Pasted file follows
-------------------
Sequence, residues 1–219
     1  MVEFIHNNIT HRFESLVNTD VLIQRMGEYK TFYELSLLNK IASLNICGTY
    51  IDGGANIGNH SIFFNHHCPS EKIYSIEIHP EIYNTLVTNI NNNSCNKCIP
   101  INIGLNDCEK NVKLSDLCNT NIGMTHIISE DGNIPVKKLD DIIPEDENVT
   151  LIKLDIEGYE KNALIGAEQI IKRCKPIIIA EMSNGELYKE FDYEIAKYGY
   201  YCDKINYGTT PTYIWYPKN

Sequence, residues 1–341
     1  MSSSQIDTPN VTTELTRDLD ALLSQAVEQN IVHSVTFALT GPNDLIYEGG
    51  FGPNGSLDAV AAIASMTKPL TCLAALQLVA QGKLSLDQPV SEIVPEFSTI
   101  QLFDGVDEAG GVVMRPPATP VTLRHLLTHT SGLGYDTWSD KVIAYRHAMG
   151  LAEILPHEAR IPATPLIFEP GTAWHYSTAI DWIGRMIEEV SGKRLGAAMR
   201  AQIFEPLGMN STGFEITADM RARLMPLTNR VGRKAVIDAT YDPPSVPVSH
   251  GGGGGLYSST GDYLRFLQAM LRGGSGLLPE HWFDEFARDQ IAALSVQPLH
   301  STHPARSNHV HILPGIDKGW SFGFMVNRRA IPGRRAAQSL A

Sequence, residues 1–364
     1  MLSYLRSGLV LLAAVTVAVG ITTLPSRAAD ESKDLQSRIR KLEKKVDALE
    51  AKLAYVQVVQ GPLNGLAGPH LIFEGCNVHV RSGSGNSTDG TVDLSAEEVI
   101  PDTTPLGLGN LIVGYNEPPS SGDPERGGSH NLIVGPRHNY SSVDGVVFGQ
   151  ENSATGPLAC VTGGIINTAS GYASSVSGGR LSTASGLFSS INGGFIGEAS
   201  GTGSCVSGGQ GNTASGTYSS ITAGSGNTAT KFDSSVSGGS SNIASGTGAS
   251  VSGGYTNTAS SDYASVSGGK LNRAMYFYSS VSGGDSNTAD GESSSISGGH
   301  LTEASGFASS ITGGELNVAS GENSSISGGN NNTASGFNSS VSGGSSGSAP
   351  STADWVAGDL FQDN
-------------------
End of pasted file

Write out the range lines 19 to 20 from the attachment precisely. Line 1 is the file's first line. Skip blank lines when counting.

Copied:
   151  ENSATGPLAC VTGGIINTAS GYASSVSGGR LSTASGLFSS INGGFIGEAS
   201  GTGSCVSGGQ GNTASGTYSS ITAGSGNTAT KFDSSVSGGS SNIASGTGAS